HOW MANY citizens can remember how they felt hearing David Rudder’s Trini to the Bone, celebrating the Soca Warriors' victory over Bahrain to qualify for the football World Cup, seeing Wendy Fitzwilliam being crowned Miss Universe before an audience of millions, or even sharing the agony of defeat when TT lost to the US in the 1990 football World Cup qualifier?
For those of us who can remember that feeling but don’t know how to describe it, that feeling is national pride.
Recently, though, with the mountain of negative reports, reviews and assessments of things related to TT, national pride seems to be in short supply. Murders, financial woes, political gimmickry and international crises occurring right in our backyard, seem to have weighed down on the psyche of TT citizens.
The TT Manufacturers’ Association (TTMA) intends to re-ignite the nation’s pride in itself and its people and its products, through its Proudly T&T campaign.
During a series of interviews, TTMA directors told Business Day the programme will not only boost national pride, but also benefit the economy and the manufacturing industry.
“We felt as a membership that TT had become very negative,” director Ryan Lewis said. “It is obviously a domino effect – when you have crime daily, then you have political issues and so on, the whole conversation and everything coming out of it is negative.”
TTMA directors said the negativity in itself has affected the nation's productivity and has contributed to a current manufacturing output of 60-70 per cent instead of 100 per cent.
National issues like crime and fear of crime has cost several manufacturers valuable time and money.
“Fifteen years ago an average company could have run three shifts. Because of crime now, no one wants to work late-night shifts. If there are no workers for one shift, that is at least 33 per cent of your capacity gone right there. And most of the workers at these factories are women, so we can’t blame them,” said TTMA CEO Ramesh Ramdeen.
“Even if the owners of the business say, 'Come out, I will hire extra security and hire a taxi for transport,' that is an extra cost. That would be a cost on the goods that we are producing.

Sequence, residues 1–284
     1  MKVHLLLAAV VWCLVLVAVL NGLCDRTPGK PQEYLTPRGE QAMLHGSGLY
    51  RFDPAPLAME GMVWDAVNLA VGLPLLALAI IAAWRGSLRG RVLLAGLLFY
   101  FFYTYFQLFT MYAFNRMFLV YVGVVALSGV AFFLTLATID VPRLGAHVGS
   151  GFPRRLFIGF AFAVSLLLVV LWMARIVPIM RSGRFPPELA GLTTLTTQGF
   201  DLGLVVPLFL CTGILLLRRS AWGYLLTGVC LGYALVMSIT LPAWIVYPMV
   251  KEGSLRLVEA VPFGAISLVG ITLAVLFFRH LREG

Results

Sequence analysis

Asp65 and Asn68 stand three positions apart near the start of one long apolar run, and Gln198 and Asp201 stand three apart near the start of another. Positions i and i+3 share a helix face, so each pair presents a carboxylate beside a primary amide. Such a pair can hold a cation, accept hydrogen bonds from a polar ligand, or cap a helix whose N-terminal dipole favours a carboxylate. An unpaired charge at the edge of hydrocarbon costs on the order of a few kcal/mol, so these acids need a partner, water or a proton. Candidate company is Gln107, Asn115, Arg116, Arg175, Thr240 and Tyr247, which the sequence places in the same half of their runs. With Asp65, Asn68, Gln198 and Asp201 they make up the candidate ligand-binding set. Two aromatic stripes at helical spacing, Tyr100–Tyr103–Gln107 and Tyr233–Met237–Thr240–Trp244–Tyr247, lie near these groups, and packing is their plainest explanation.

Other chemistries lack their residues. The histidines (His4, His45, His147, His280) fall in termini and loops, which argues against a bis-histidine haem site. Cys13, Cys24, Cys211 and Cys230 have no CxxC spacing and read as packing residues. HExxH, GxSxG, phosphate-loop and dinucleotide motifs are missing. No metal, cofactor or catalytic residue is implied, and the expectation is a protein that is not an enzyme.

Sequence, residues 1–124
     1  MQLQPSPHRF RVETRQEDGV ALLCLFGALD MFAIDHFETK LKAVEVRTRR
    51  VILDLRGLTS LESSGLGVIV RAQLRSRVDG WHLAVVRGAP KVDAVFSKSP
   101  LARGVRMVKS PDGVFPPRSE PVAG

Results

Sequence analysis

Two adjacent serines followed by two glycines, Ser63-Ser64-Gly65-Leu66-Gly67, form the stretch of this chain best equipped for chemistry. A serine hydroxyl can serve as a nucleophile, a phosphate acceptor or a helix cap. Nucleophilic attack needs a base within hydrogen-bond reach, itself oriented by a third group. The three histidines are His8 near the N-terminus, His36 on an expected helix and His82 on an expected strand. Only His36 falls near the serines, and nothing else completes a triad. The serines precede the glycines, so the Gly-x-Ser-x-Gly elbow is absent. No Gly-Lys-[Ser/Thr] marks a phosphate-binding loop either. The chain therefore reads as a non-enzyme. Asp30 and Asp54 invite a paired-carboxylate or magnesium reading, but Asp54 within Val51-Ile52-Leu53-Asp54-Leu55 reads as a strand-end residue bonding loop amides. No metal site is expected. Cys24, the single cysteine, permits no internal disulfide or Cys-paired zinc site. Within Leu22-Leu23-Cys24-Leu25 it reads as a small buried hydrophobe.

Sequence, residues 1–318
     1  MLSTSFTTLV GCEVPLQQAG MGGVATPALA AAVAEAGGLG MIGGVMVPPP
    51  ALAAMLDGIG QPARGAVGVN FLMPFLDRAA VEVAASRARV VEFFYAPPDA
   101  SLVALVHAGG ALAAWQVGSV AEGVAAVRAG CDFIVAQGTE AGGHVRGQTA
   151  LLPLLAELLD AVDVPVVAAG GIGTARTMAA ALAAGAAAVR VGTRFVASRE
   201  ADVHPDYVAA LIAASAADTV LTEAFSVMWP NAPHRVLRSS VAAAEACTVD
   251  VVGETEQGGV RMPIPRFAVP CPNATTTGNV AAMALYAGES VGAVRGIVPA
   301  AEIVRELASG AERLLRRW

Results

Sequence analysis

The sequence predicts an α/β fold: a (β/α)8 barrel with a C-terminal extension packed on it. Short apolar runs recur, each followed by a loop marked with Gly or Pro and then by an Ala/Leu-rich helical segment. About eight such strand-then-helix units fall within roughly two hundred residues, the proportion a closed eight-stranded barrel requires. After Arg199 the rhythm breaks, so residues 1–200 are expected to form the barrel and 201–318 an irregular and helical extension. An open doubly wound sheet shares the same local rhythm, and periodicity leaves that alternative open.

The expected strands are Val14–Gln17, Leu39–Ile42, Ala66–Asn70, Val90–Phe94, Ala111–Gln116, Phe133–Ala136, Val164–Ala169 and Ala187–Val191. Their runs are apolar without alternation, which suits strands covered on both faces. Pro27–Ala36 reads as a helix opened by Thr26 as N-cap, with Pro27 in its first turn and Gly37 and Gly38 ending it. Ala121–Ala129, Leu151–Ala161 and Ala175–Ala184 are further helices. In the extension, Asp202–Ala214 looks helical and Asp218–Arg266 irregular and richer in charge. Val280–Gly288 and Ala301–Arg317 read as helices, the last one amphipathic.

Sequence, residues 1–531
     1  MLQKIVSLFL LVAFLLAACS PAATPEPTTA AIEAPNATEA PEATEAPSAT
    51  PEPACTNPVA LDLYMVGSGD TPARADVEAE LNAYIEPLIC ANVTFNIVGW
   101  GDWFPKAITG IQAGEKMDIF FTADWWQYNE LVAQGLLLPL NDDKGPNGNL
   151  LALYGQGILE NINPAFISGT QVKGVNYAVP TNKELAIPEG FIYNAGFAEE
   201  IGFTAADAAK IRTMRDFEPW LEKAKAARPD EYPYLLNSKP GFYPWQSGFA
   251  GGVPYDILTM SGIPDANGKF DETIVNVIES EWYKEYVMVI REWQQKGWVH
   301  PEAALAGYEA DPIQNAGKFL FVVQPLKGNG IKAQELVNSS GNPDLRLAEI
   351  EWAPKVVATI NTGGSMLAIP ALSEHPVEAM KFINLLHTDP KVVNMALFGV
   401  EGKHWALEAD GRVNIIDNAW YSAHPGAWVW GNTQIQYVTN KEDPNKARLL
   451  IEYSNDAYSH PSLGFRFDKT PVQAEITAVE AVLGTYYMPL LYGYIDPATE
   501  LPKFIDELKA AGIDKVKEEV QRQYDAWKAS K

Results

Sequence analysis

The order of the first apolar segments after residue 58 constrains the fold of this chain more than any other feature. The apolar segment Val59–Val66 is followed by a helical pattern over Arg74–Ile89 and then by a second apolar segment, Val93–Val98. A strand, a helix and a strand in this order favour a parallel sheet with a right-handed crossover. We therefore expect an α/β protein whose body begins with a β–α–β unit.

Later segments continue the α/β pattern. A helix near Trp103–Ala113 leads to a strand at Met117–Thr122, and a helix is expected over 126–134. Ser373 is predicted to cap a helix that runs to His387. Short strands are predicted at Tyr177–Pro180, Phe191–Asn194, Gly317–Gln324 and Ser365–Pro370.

"So how could we compete when the competition outside our country is bringing down their costs and we are raising ours?”
While developing the idea for Proudly T&T, the TTMA looked at the national pride displayed when celebrating major events or sporting achievements, or in the response to local and regional disasters. However, it noted that the expression of pride is staggered because of waves of negativity over the years.
Ramdeen also noted that competition can not only come from outside the country, but from home soil as well, since retailers also import foreign goods to sell.
The TTMA marketing committee teamed up with graphic artists at Label House to develop the logo, which can now be seen across the country on local products from companies participating in the campaign. The red, white and black colour scheme was used to represent the national colours, while the cog and shield were used to represent the TTMA and its devotion to manufacturing a better country.
Business Day was told the TTMA hoped to encourage customers to take pride in their country, take pride in their local products and make them the preferred choice when shopping.
Lewis said several people and entities have tried before to initiate a similar wave of change, but gave up.